The novel’s final scene tells how Galt “raised his hand and traced in space the sign of the dollar,” while nearby one of his disciples rewrote the Constitution. No sign of the cross for the atheist Rand; no great reverence for the Founders either. Her secular religion, Objectivism, would improve on both. Right.
Rand is similar to Obama in that both are “messianic?” That’s just silly. “No great reverence for the Founders?” That’s just willful ignorance; Rand consistently praised the Founders for creating the greatest nation on earth. (True, Rand offered some criticisms of the original Constitution, as did a great many of the Founders.)
Even Rand’s fair-weather friends often take cheap shots. For example, the following comment from Mike Rosen has absolutely no basis in reality: “There were many challenges in converting the book to a movie. At the top of the list was the task of satisfying the Ayn Rand Institute, the objectivist high priests who keep her flame burning and whose approval was a condition of the movie rights.” Rand’s estate, not the Institute, sold the movie rights long ago, without any such conditions. (That’s unfortunate; had the Institute had any significant say in the movie, it probably would have been a lot better.)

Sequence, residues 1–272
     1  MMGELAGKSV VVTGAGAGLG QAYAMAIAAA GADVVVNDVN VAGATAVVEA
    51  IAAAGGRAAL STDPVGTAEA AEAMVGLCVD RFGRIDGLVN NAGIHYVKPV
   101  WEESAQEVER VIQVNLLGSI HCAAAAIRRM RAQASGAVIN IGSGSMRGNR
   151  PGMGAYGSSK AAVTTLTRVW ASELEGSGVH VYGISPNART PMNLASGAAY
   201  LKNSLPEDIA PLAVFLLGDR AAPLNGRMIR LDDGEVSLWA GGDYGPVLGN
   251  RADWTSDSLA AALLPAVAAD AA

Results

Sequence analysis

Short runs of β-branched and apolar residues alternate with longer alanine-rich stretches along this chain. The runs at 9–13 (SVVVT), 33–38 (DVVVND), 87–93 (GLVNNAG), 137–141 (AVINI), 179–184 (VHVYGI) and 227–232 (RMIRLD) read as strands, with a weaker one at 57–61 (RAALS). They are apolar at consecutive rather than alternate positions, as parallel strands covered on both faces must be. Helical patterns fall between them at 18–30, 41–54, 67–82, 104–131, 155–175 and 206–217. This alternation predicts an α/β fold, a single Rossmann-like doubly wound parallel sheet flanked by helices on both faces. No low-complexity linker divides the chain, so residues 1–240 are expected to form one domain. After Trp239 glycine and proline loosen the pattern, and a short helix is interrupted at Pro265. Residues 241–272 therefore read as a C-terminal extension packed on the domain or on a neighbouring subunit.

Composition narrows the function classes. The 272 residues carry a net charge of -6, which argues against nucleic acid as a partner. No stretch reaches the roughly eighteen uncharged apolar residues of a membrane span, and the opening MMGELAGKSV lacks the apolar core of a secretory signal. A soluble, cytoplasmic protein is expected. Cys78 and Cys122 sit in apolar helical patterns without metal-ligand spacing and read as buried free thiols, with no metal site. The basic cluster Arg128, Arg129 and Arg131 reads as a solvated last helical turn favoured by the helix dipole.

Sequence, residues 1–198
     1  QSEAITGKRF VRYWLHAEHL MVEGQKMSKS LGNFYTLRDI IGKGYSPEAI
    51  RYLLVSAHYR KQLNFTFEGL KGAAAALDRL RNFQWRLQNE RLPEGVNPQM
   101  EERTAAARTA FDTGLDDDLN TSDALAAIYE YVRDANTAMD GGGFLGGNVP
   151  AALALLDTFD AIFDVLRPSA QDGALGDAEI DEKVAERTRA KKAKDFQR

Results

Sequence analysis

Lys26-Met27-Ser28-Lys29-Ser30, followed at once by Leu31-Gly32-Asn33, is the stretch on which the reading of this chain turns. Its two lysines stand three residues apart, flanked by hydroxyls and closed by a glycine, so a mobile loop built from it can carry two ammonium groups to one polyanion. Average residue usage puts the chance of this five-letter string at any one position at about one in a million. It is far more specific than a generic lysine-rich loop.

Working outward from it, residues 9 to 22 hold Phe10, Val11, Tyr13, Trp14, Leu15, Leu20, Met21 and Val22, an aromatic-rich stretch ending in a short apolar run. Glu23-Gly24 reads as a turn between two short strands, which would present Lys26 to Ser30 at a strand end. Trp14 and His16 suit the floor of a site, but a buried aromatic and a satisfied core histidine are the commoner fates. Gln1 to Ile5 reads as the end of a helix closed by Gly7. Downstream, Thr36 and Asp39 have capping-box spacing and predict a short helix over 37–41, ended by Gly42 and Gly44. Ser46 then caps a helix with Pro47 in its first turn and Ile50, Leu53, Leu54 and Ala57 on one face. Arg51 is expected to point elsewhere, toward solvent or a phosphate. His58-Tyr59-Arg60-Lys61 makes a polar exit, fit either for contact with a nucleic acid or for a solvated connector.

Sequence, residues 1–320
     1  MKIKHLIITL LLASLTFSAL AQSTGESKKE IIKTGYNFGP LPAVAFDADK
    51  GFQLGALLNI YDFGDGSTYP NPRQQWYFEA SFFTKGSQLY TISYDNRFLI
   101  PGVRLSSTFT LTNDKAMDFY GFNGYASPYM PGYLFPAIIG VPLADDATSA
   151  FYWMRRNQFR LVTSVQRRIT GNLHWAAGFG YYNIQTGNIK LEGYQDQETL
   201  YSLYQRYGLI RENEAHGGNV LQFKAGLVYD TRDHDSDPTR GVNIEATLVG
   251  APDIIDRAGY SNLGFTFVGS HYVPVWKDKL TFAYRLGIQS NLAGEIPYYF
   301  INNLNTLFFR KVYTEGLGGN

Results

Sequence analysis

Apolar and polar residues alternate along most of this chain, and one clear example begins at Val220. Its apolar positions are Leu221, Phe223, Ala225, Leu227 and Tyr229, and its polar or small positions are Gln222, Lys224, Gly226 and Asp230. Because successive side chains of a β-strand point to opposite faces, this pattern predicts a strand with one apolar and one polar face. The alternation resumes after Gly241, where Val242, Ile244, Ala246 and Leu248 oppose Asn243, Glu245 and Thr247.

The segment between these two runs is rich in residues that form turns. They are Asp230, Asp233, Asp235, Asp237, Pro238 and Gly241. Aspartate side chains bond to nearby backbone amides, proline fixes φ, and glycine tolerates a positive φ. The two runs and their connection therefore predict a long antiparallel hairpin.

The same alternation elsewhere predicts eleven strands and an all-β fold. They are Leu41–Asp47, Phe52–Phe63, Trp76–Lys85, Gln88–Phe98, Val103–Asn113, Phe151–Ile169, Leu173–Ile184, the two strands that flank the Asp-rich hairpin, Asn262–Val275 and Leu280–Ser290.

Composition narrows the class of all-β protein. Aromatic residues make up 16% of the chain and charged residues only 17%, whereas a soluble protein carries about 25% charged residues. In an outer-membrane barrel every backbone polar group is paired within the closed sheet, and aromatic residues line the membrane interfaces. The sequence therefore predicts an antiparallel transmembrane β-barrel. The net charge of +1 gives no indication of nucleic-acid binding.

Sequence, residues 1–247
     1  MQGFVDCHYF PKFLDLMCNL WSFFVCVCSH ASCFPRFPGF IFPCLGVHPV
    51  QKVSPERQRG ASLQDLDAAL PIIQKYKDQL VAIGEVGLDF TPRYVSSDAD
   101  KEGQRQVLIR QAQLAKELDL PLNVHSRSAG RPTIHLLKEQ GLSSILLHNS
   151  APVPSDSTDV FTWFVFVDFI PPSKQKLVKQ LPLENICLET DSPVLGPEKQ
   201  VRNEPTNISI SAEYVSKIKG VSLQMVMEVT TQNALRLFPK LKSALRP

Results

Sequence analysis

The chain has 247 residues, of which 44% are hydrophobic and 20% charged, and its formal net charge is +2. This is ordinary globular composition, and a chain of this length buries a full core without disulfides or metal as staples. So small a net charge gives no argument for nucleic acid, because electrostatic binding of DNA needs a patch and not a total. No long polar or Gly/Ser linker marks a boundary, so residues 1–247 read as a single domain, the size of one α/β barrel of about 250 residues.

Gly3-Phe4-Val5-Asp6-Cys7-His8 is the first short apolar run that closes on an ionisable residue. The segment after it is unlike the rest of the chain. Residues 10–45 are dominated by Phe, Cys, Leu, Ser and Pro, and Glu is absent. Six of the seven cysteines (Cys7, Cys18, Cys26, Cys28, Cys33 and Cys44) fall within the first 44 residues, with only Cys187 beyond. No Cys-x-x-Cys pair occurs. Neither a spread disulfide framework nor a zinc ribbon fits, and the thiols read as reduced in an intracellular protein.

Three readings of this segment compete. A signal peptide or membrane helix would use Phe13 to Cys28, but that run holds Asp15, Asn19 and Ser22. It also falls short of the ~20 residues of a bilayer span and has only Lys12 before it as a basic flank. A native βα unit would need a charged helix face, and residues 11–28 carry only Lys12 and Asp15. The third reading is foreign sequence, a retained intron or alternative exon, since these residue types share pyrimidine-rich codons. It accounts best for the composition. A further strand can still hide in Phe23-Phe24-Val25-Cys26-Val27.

Obviously Rand made some mistakes in her life; which novelist hasn’t? She could have a fiery temper (hardly uncommon among creative types, though she could also be sweet as a kitten), and I don’t see how her affair with Branden can be regarded as anything other than a gigantic mistake. But some of Rand’s critics seem to think that, by recounting only Rand’s flaws while ignoring her many virtues, exaggerating those flaws, completely distorting her ideas, and stacking smear upon ugly smear, they can simply ignore what Rand had to say.
Fortunately, Rand’s audience has never been those who let other people’s smears substitute for their own thinking. So read Atlas Shrugged for yourself, and evaluate its literary merits, and its ideas, by your own reasoned judgment.
Neil Parille commented May 11, 2011 at 5:18 AM
Nathaniel Branden didn’t write a biography of Ayn Rand. He wrote two memoirs (actually one memoir which he revised). There is a little too much anger in the books.